In spring 2002, the Christos took a walk through Central Park with their chief design engineer, Vince Davenport. Davenport and his wife, Jonita, who serves as the Christos’ project coordinator, have worked with the artists since 1989. Considering the problem, Davenport said to Christo and Jeanne-Claude, “You just can’t do this job. Even with Bloomberg, you’ll get turned down. They’re never going to let you drill 15,000 holes in Central Park.” The issue of securing the steel gates had become even more crucial, given a tragedy that occurred at the Umbrellas installation in California. One of the umbrellas was unmoored by a freakish, swirling wind, and took flight, resulting in the death of a spectator. Davenport briefly considered aluminum poles for the gates but dismissed them as too expensive. He proposed other ideas, which Christo couldn’t stomach. “No, no, they are too ugly!” he said. They left the park with no solution.
Then back at his home in Leavenworth, Washington, Davenport noticed a neighbor assembling a new horse corral. He asked his neighbor what material he was using for the fence. Vinyl, he was told.
The advantage of the vinyl gates, Davenport surmised, was that they could be moored to heavy steel bases that required no digging, and that could be placed along the pavement, rather than in the ground. Just to be sure, though, he poured asphalt on his own property to simulate Central Park’s pathways, then built eighteen full-size gates to test their durability. Satisfied, he contacted Patricia Harris, and they arranged for Doug Blonsky to fly out to Washington to see the structures. Blonsky was converted. They’d solved the problem of the holes by doing away with them altogether.
In the first, crisp weeks of this month, a visitor to Central Park could spot a small battalion of forklifts hoisting stacks of steel bases from pallets piled twelve wide and eight high. In a nearby construction trailer, a message is scrawled on a white board: “We completed in one month 13,144 bases in & stacked. Good job. Happy New Year!”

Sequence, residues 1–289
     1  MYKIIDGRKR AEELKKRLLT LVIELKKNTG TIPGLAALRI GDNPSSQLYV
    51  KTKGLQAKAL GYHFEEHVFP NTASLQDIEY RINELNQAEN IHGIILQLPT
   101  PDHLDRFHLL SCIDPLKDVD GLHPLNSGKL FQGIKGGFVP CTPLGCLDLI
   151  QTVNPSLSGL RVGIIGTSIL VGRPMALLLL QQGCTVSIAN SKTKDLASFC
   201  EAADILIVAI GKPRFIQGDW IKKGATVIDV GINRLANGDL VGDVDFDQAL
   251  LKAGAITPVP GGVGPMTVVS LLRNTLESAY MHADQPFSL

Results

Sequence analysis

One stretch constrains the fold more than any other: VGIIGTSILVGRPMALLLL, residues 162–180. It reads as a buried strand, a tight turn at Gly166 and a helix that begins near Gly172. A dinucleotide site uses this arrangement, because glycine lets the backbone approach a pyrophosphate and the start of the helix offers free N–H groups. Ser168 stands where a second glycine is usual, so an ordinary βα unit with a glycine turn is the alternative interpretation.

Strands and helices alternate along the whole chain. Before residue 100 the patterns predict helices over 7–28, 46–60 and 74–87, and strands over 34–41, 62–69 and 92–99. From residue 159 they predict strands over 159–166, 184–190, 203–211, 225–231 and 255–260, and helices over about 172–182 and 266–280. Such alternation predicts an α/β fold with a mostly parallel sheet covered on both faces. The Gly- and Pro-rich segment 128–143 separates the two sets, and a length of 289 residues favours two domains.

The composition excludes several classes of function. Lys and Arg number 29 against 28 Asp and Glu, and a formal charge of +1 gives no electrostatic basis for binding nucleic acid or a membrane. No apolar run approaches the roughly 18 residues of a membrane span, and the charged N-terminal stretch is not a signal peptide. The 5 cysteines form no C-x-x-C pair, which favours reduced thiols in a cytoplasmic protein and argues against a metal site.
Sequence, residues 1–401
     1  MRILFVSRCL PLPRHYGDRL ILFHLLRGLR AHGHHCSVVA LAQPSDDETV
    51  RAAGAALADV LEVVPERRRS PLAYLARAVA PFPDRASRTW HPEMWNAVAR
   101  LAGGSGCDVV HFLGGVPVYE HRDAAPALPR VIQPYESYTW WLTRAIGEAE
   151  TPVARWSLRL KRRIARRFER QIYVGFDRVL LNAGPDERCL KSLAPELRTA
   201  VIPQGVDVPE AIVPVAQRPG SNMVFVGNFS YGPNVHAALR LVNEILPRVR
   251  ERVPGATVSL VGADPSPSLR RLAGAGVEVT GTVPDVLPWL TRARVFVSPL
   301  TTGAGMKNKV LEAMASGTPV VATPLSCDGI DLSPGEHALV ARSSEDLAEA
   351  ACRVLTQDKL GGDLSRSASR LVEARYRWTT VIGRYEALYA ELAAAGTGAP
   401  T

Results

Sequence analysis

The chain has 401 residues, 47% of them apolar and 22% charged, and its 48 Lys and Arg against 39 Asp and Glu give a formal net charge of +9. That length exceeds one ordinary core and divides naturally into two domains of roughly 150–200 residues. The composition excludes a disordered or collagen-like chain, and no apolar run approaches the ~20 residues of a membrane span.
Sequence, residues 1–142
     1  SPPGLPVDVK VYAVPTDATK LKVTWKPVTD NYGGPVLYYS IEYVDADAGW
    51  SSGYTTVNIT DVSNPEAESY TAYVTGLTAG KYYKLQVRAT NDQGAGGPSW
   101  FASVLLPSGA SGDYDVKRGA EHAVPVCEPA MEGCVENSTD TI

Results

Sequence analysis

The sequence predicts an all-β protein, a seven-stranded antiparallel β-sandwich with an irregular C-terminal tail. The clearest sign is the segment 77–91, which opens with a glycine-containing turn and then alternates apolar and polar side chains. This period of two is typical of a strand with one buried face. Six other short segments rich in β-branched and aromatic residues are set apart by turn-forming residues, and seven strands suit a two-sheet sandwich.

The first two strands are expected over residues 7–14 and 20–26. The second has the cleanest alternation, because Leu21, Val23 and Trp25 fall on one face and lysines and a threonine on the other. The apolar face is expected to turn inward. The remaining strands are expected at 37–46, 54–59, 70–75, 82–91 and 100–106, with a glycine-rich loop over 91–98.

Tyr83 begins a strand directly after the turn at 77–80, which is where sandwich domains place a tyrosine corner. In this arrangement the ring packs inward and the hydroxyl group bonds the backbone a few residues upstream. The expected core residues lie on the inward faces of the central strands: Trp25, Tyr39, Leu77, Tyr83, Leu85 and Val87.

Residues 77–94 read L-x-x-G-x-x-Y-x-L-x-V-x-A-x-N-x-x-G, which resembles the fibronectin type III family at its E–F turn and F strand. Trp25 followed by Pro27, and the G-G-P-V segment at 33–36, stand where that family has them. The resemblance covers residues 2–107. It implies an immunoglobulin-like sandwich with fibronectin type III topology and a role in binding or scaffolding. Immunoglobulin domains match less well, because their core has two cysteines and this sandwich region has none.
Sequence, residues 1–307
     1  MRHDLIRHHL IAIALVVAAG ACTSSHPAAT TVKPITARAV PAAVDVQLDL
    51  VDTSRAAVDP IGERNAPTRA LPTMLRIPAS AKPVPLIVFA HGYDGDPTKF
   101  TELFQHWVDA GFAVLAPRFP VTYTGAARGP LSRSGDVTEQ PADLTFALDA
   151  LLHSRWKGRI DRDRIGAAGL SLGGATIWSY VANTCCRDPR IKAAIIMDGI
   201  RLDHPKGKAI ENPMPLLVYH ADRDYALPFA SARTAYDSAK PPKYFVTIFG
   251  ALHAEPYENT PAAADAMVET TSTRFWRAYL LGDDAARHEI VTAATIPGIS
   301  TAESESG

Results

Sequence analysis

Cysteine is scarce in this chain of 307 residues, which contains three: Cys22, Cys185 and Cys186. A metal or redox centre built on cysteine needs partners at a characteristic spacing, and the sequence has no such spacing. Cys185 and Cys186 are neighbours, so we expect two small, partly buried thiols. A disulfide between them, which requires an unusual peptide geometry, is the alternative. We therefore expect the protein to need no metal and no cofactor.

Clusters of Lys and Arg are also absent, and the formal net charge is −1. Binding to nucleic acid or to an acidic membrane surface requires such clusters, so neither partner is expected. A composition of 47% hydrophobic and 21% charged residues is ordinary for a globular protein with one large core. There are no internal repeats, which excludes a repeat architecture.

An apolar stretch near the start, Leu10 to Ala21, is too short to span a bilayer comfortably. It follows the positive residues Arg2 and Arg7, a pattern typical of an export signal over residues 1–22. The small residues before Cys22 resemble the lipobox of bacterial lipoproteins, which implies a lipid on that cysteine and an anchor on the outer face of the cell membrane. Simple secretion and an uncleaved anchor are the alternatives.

Thirty blocks south, four trailers sit clustered in a parking lot behind the Boathouse Restaurant. The scene is part construction site, part gypsy encampment, and part back lot at the circus. One trailer houses Albert Maysles, the trim, white-haired documentarian who’s made films about several of the Christos’ past projects. In another trailer, there’s an office for Wolfgang Volz, the Christos’ official photographer. Another trailer houses the project’s main office, its walls papered in maps, schematic drawings, and posters of Christo and Jeanne-Claude’s previous works.
In the office, Jonita Davenport, a petite, well-coiffed woman in round glasses and a fleece vest, shuttles between a massive desk, files of media requests, a huge wall map of Central Park, and a ringing phone that’s as insistent as a bawling baby. She traces a finger along the map’s highlighted pathways, then halts. “This is as far as we’ve come,” she says. “You can follow the bases by the orange safety cones on them—except where the cones have been stolen.” (Indeed, one such pilfered cone later turned up on eBay, priced at $9.99.)
A few days after our initial conversation, Jeanne-Claude tells me, “Christo is no longer working seventeen hours a day. Now he is working 22 hours a day! Only two days this week he did not work 22 hours. On those, he worked through the night!”
She’s fond of comparing their works to children, and has said they’d no more choose a favorite work than they’d single out a favorite child. (They have only one child, Cyril Christo, a poet who lives in Santa Fe.) I ask her, though, if The Gates isn’t a little more special for them, given the fact that it’s happening in their hometown of New York. “You must understand, it is the very first time in our lives that we are doing a project without jet lag!” she says. Then, after a pause, she says, “It is a great joy, yes.”
On one abnormally warm recent morning, the Christos took a chauffeured car uptown to watch their work being born. They arrived to a park draped in fog. They emerged from the car: Christo tall and thin, gently smiling, his seventies-era Woody Allen glasses discarded for more elegant frames; Jeanne-Claude’s dyed-saffron hair vibrant against the gray mist. Then they strolled, hand in hand, up a path lined with metal bases, to where a TV reporter waited for an interview. As the cameraman peered into his viewfinder, looking to frame his shot, Christo and Jeanne-Claude nuzzled closer to each other, and Christo gave an instruction to the cameraman: “Together, please, together. Always together.”